Forgiveness as Spiritual Practice

I make it a practice not to write about my congregation or its members in this blog. I am breaking that practice with this post to tell you about a new book written by a member of my congregation.  I do this with her knowledge, approval and encouragement.


The book is A Forgiveness Journal: Letting Go of the Past by Kristin Robertson.  It’s both a journal through the process of forgiveness and a workbook for moving through the process yourself.  It’s an accessible entry into moving waters with a humble and steady guide.  Like most travel on moving water ways, a guide does not always know what the journey will bring, but brings experience of past trips down river that are useful for navigating the way forward.


I have two favorite things about  A Forgiveness Journal.  The first is its opening emphasis on letting go of what Kristin calls our “grievance stories.”  We tend to carry around our past hurts and our pain, like an endless film loop, constantly playing a story of how we’ve been wronged.  All of us have been truly hurt, pained and wounded. Some of us in ways others of us can not possibly imagine, but most of us take hurts not nearly so tragic and make then into such pain until they become as debilitating.

I like the way Kristin puts it –  “It’s not about singing Kumbuya.”   Forgiveness is not about assuming an attitude that it’s okay that you’ve been hurt or wronged or that inappropriate behavior is acceptable.  Ultimately, we forgiveness for ourselves, so can we drop the grievance story.  Frequently anger and resentment go along with the grievance story, sometimes the anger may even be justified, but as the Buddha taught, “You will not be punished for your anger, you will be punished by your anger.” In other words, it is not what we are angry at that will destroy us, but the anger itself that will destroy us.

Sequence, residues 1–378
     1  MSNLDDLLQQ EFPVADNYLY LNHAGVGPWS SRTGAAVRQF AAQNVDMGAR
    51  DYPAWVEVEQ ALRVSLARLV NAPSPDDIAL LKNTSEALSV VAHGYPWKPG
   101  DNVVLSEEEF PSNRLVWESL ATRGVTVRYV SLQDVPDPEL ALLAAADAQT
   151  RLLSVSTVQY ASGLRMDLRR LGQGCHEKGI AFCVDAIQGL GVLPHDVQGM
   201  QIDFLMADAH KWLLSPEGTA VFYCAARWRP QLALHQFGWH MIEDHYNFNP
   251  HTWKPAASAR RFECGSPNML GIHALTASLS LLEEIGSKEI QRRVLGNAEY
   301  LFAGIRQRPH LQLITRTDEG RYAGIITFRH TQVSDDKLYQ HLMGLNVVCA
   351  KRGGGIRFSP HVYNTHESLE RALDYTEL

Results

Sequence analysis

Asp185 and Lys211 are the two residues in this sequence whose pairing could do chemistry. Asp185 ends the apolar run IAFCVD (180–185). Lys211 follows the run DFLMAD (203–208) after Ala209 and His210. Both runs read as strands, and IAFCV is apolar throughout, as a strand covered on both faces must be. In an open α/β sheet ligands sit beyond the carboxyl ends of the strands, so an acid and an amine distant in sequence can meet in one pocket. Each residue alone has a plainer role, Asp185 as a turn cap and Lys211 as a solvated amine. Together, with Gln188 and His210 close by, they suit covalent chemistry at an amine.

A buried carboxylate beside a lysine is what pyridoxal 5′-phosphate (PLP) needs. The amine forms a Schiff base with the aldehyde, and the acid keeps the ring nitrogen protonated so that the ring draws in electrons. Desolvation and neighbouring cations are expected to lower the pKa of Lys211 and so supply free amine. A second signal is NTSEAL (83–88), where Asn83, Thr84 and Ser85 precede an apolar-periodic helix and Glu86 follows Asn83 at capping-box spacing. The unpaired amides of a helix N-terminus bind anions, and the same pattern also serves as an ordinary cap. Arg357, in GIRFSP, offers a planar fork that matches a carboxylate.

When I was growing up as a Catholic, the spiritual practice of forgiveness we were taught  was called reconciliation.  I like the word.  It needs reclaiming.  I didn’t like the practice of Catholic confession. It didn’t really produce much reconciliation. It didn’t produce much reconciliation between me and God, nor did it produce much reconciliation between me and other people so I, like many other people, abandoned it. After all, confession was a recitation of “wrong” actions for which one received a penalty or penance. There was no real restoration of right relationship, no dealing with the playback loop in one’s head that keep running over and over past hurts and grudges, building up resentment.  There was no real healing of one’s soul or anyone you might have actually wronged or letting them know they had wronged you.

Unitarian Universalists need a reconciliation process. We speak often and at length of right relationship, but we aren’t always good at creating and sustaining it.  We approach it as a social justice requirement, but not often enough as a spiritual practice that involves looking deep inside ourselves, owning our pasts, coming to terms with our hurts, disappointments, and pain and our own role in these feelings and the role of others in these feelings. Kristin’s book contains some concrete exercises for helping people to do these things, thus…

The second thing I really like about this book is that it is a work book. It is not just a series of essays on forgiveness or a standard self-help book, but series of exercises to engage.  This is a book with homework.  If you’re ready for the assignment, and I recommend it, you may find yourself letting go of things, opening your heart, healing, and forgiving someone. It may even be yourself.

Spiritual practices are ongoing – forgiveness, resentments, and anger are things we all deal with – they are recurring features of the human condition.  A Forgiveness Journal is an aid to the spiritual work of reconciliation with others and ourselves.

From the back of the book:

Get your copy of A Forgiveness Journal here.